Conflicts, displacements & limited livelihood opportunities: Here’s what FAO report says about Syria’s acute food insecurity
In the latest publication titled ‘Syrian Arab Republic: Situation Report’, the Food and Agriculture Organization of the United Nations (FAO) said that the crisis in the Syrian Arab Republic has entered its tenth year, and the humanitarian needs continue to be extraordinarily high.
“Conflict, displacement, returns and the destruction of agricultural infrastructure have severely affected Syrians livelihoods and food security,” the report said.
The current economic crisis is worsening the situation, and the poverty rate is increasing.
According to the report, the number of food-insecure people rose dramatically from 7.9 million in January to 9.3 million in June and an additional 1.9 million people are at risk of food insecurity.
The report added that the impact of the crisis has become worse due to a combination of factors, including the movement and transportation restrictions, implemented by the government to prevent the spread of COVID-19.
Owing to lack of livelihood opportunities and high food prices, the number of food-insecure people is likely to increase in 2020.
Although there remains a lack of functional agricultural infrastructure, the 2020 cereal production projection is favorable. The wheat production forecast for 2020 is 2.4 million tonnes, up from 2.2 million tonnes in 2019, and Barley production is projected to be high in 2020, with a forecast of 2.3 million tonnes.
“The consequences of COVID-19 control measures are impacting the agriculture sector, reducing accessibility to markets and leading to higher prices for inputs, including seeds, fertilizers, pesticides, fuel and labor. Increasing input and production costs combined with decreasing purchasing power is shrinking farmer’s profits. This may result in smallholders dropping out of agricultural production if the situation, which is constantly changing, is not addressed rapidly,” the report added.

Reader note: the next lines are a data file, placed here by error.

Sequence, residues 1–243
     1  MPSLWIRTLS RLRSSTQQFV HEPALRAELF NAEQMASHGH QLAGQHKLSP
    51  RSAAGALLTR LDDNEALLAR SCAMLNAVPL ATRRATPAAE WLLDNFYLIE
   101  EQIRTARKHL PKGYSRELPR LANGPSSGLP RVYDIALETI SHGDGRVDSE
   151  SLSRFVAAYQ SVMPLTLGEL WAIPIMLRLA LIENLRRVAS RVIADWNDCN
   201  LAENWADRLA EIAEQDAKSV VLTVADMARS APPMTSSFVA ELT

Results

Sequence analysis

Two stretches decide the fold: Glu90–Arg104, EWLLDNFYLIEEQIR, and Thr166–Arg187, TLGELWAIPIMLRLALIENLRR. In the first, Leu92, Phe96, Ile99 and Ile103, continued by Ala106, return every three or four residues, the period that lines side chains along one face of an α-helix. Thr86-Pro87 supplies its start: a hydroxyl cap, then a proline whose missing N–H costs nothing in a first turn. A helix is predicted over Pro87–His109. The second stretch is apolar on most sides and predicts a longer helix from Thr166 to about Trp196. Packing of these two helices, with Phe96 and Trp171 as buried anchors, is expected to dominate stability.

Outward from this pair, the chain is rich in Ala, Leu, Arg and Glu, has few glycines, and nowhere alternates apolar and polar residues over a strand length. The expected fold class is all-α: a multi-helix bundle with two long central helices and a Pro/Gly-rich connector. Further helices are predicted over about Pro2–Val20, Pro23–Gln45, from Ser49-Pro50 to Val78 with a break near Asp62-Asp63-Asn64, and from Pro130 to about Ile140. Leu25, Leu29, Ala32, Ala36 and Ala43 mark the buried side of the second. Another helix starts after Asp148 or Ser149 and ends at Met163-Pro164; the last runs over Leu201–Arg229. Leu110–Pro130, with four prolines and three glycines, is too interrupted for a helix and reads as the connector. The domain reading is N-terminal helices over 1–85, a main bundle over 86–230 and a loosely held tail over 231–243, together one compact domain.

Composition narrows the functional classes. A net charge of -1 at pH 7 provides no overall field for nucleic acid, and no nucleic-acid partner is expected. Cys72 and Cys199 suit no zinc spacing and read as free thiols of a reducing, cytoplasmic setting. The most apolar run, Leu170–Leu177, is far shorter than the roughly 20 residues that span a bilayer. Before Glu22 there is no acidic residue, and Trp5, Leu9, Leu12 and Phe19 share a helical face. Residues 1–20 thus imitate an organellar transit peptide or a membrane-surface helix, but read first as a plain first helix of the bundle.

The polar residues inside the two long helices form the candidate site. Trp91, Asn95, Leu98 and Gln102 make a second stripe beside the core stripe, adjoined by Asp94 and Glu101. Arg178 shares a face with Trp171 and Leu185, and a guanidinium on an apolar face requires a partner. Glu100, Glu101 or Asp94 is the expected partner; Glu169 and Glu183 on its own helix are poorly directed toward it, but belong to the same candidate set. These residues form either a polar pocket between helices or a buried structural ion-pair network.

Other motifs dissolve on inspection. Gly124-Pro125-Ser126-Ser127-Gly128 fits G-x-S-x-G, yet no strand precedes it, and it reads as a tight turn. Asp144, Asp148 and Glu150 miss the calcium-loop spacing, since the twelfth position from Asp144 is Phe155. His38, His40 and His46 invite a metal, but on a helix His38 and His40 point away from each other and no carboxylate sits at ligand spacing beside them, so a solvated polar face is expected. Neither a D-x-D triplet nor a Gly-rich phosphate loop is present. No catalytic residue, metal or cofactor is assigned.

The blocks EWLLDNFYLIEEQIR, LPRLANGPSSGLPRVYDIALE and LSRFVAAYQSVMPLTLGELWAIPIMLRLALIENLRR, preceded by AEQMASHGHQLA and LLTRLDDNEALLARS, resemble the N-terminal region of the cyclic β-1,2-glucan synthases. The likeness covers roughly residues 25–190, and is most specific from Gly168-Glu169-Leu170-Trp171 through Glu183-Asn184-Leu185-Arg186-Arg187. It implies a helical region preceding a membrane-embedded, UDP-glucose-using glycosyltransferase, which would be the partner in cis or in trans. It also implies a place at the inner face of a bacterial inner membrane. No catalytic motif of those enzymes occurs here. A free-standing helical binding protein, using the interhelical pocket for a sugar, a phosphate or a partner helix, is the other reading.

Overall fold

The FAO publication recognised livestock as the most affected sector by the COVID-19 control measures as livestock keepers cannot afford to buy the required standard quantities of cattle feed, which will eventually affect productivity. Sheep and goat keepers face limited access to grazing lands as well as high feed prices.
In the poultry sector, producers of broilers and eggs are experiencing challenges in securing inputs, consequently creating massive fluctuations in the prices of broilers and eggs.
On the other hand, food processors are also facing higher costs of raw materials, transportation, fuel and skilled labor. As a result, processors have been forced to the raise prices of their final food products by 20 per cent on average.
As per the report’s findings, consumers are also constrained by their limited purchasing power. In markets, consumers are buying fewer vegetables and fruit, often buying items by the piece rather than in bulk, and lamb meat has become an expensive luxury. To overcome the difficulties in meeting food needs, purchasing food on credit is becoming more prevalent.
FAO’s response so far:
• 345,294 people (57,549 households) directly assisted
• Provided animal feed to 4,200 households in order to increase production and protect livestock assets.
• Distributed vegetable seeds to 8,800 households
• Established nurseries to increase the availability of vegetables in local communities and improve the nutrition of vulnerable households.
• Vaccinated livestock belonging to 41,644 households against PPR to improve animal health and increase livestock productivity.
• Improved access to water to over 840 households through infrastructure rehabilitation and installation of alternative energy sources.
• Increased availability of improved seed to farmers through multiplication of early generation seed, directly benefiting 120 households.
• Trained more than 1,900 people representing their households on agricultural technical subjects and entrepreneurship, marketing and project management